Partly Cloudy

Partly Cloudy

max temp: 24°C

min temp: 16°C

Search

Review: The Importance of Being Earnest at Cambridge Arts Theatre is enjoyable and amusing

PUBLISHED: 12:31 11 April 2018 | UPDATED: 12:33 11 April 2018

Thomas Howes, Peter Sandys-Clarke (c) The Other Richard.  Picture: THE OTHER RICHARD

Thomas Howes, Peter Sandys-Clarke (c) The Other Richard. Picture: THE OTHER RICHARD

Oscar Wilde’s The Importance of Being Earnest – at Cambridge Arts Theatre until April 14 – is an enjoyable and amusing production, writes James Marston.

Hannah Louise Howell, Peter Sandys-Clarke 2 (c) James Findlay.  Picture: THE OTHER RICHARDHannah Louise Howell, Peter Sandys-Clarke 2 (c) James Findlay. Picture: THE OTHER RICHARD

A crafted work of words and wit, which remains as funny and as relevant as the day it was written, The Importance of Being Earnest is a classic.

The somewhat whimsical, almost farcical story, that explores themes such as class, identity, family, snobbery and social expectation, the production by the Original Theatre Company makes good use of the Wildean humour, stays faithful to the period and is acted with quality throughout.

Never lacking in pace, the story of the hedonistic Jack Worthing and the “bunburying” Algernon Moncrieff is peppered with memorable “bon mots” from the pen of Wilde.

The imperious Lady Bracknell is played with aplomb and gravitas by Gwen Taylor, of Duty Free and Heartbeat fame, delivering her memorable lines with skill.

Susan Penhaligon (c) The Other Richard.  Picture: THE OTHER RICHARDSusan Penhaligon (c) The Other Richard. Picture: THE OTHER RICHARD

With the backdrop of a stylish set, the pace, energy and tempo is kept throughout as the audience respond to the brilliantly written script. As Earnest becomes Jack and Algernon becomes Earnest, the complications increase as their two young ladies and Lady Bracknell demand explanations.

Throw in the added amusements of the secret drinking governess Prism and the bumbling Canon Chasuble a butler and a maid and Wilde’s clever observation of Victorian society is complete

Directed by Alastair Whatley, this is an entertaining play and a masterpiece of Wildean wordsmithery.

And in the end, of course, all is well.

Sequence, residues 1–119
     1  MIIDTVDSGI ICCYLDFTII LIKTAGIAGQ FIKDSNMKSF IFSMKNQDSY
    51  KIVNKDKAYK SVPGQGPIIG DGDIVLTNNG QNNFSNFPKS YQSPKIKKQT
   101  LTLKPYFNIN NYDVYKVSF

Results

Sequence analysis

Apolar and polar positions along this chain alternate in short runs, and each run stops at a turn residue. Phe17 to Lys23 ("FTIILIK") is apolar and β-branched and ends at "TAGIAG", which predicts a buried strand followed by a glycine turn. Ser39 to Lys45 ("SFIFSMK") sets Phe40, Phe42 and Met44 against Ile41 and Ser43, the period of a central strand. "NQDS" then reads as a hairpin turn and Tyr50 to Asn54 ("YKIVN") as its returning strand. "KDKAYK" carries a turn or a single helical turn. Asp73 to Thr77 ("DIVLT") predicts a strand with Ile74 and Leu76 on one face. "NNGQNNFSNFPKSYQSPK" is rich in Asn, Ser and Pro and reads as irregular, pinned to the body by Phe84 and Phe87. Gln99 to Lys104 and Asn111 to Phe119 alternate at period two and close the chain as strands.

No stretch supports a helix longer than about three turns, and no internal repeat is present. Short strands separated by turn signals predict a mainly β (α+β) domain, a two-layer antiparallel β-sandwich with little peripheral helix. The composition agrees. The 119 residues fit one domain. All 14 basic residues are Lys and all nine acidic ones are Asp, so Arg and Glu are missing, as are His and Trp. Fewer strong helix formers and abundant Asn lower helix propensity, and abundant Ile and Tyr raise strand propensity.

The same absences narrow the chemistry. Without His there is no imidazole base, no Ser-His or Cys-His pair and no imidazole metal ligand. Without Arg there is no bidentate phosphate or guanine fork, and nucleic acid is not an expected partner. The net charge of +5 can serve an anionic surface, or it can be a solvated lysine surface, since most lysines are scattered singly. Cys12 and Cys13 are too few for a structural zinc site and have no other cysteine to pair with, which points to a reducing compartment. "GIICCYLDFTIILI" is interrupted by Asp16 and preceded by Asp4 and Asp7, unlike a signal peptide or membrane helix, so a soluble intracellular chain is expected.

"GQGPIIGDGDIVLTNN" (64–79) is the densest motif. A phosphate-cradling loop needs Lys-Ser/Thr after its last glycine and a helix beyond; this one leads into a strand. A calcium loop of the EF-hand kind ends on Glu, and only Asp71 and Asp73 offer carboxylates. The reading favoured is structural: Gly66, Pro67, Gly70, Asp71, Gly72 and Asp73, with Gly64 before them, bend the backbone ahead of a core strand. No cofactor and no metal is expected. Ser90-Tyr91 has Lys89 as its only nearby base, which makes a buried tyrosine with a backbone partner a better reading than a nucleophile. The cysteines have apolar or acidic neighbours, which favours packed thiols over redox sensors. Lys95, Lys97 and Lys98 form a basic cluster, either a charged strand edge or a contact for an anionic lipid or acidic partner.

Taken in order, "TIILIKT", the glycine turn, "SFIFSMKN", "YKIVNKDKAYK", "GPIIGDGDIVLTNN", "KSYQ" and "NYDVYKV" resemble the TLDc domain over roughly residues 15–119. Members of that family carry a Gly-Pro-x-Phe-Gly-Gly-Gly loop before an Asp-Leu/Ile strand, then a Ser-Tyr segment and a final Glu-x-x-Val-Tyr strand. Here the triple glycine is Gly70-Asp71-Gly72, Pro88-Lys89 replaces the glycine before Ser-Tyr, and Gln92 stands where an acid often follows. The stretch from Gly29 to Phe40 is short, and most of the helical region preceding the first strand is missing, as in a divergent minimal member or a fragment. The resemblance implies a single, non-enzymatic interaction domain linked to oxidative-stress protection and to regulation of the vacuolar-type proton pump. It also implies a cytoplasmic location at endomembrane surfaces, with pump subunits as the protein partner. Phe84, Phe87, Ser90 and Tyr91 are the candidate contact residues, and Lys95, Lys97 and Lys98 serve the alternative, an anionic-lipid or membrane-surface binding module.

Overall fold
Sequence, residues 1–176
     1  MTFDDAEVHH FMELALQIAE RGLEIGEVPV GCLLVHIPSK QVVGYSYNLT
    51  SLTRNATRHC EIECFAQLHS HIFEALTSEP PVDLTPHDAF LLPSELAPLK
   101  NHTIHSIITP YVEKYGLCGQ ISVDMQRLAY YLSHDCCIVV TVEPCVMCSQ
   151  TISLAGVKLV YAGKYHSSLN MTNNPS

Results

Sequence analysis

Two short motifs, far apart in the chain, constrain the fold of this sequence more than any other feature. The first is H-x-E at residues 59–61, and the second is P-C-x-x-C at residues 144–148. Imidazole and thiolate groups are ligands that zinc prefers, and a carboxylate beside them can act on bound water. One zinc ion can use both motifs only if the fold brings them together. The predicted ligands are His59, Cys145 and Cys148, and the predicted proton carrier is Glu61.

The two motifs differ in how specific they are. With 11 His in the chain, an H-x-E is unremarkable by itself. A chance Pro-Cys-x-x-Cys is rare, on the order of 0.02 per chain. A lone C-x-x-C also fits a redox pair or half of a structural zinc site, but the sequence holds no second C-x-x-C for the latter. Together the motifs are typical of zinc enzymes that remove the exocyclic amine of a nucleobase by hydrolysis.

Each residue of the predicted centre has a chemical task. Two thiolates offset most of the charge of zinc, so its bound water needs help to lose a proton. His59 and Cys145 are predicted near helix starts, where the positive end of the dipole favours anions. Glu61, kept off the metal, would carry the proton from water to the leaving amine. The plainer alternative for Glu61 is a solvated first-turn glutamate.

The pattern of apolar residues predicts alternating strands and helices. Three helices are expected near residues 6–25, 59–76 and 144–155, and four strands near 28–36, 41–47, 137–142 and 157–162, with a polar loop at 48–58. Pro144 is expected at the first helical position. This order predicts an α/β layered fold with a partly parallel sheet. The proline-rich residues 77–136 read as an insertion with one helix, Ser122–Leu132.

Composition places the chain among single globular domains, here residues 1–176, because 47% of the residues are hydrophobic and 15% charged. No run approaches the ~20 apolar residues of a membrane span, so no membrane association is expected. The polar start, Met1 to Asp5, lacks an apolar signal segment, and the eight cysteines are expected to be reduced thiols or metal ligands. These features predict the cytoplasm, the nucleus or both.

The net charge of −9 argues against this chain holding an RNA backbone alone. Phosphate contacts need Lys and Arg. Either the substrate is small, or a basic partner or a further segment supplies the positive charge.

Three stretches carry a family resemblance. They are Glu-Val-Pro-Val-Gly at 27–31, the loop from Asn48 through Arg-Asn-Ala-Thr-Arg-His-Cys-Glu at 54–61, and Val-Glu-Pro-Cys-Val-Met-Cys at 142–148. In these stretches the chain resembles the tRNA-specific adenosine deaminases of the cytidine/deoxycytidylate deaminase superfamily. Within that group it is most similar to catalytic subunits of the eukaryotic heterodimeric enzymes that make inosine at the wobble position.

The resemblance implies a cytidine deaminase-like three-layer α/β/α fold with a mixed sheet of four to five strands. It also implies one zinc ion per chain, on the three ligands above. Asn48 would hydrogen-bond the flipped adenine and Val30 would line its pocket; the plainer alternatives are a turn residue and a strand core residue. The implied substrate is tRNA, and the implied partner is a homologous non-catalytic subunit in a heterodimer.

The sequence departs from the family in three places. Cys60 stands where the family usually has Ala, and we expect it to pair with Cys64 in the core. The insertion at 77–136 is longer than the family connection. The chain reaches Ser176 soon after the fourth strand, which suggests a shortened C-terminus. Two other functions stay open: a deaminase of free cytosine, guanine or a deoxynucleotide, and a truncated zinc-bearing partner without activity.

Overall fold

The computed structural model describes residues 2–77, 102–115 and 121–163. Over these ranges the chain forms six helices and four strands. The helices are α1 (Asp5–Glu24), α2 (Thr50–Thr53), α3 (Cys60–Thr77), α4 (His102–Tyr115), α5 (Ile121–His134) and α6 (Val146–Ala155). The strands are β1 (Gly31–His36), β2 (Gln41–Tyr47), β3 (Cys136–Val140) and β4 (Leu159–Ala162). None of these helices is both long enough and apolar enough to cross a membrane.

Gwen Taylor, Louise Coulthard (c) The Other Richard. Picture: THE OTHER RICHARDGwen Taylor, Louise Coulthard (c) The Other Richard. Picture: THE OTHER RICHARD

An enjoyable and amusing production.

Five years after last staging Les Misérables, the Children’s Theatre Company Ipswich return with the French-set drama, this time at the Corn Exchange.

Review of Unseen Enemy: Radar and The Cold War by Suzanne Hawkes

The story of Bawdsey Manor during the Cold War is the story behind a new play by Suzanne Hawkes. Arts Editor Andrew Clarke spoke to her about East Anglia on the front lines.

Rehearsals are in full swing for the 40th anniversary production of the Suffolk Young People’s Theatre.

Harry Hill performed in the comedy tent at this year’s Latitude Festival.

Maria Marten and the Murder in the Red Barn is one of the most enduring parts of Suffolk folklore. It’s a story that has been told, re-told, adapted, sung and staged countless times over the centuries and you would think that there is nothing more to say about this infamous crime. You would be wrong.

HighTide unveils a musical tinged theatre festival this year. Arts editor Andrew Clarke spoke to artistic director Steven Atkinson about the treats in store and discovers a real East Anglian flavour to the work

Sherlock Holmes: The Final Curtain

Maria Marten and the Red Barn has been an important part of Suffolk folklore for the past 200 years but who was the real Maria Marten. Arts Editor Andrew Clarke joined the cast of Eastern Angles summer show Polstead to find out

Most read

Show Job Lists

Newsletter Sign Up

Sign up to the following newsletters:

Sign up to receive our regular email newsletter

Our Privacy Policy

MyDate24 MyPhotos24